[1] Steampunk is a subgenre of design which fuses 19th century steam powered Industrial Revolutionary gizmos with Victorian design and science fiction/fantasy.  I love it.

Shawn and I will be selling at the Humboldt Marble Weekend!

Where: Redwood Acres Home Franceschi Hall, main building.  3750 Harris St, Eureka CA

When: noon-6pm.  February 8 & 9, 2019

Come on by and say hello!

For full details about the event as well as other events in the marble weekend drop on by their website.  https://www.humboldtmarbleweekend.com

 

Multiple Hole Beads, Anyone?

By Hannah Rosner, for Artisan Jewelry Times 2016

Two, three and four hole beads have recently taken the beading world by storm, but they are not a new concept.   It all started for me with Twins and SuperDuos , two types of diamond shaped beads each with two holes in them, but it turns out two hole beads were around long before then.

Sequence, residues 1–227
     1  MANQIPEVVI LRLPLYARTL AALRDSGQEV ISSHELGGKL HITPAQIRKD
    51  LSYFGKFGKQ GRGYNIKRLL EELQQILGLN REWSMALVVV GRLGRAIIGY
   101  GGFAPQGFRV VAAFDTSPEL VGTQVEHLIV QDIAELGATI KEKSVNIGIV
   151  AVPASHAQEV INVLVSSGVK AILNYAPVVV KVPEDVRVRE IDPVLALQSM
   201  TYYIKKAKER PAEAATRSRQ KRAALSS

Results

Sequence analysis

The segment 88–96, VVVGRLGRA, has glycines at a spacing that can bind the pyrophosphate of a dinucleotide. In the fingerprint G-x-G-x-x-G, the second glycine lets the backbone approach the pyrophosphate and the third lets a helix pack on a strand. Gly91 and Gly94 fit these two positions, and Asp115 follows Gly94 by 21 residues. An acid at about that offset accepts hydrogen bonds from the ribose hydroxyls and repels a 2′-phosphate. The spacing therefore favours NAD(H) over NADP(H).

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Now, every time I turn around, I have a new shape and finish of these mainly Czech-designed beads with which to play.  As a result I sat down for short interviews with two experts on two-hole beads, Perry Bookstein and Nichole Starman.

Perry Bookstein’s family owned York Novelty Imports, located in the garment district in Manhatten, New York City.  He grew up surrounded by the fashion industry and the beads his family imported from Europe, and now works for as a Product Manager for Beadsmith, a prominent bead wholesaler in New Jersey.  As a result, I began by asking him to tell me a little bit about the history of multi-hole beads.

Hannah:  Before the SuperDuos and the Twins, I’m sure that York Beads saw many types of two-hole beads.  Your store (York Novelty Imports) carried both vintage and modern beads.  Can you tell me about some of the two-hole beads that York stocked before the Twins and SuperDuos came onto the scene?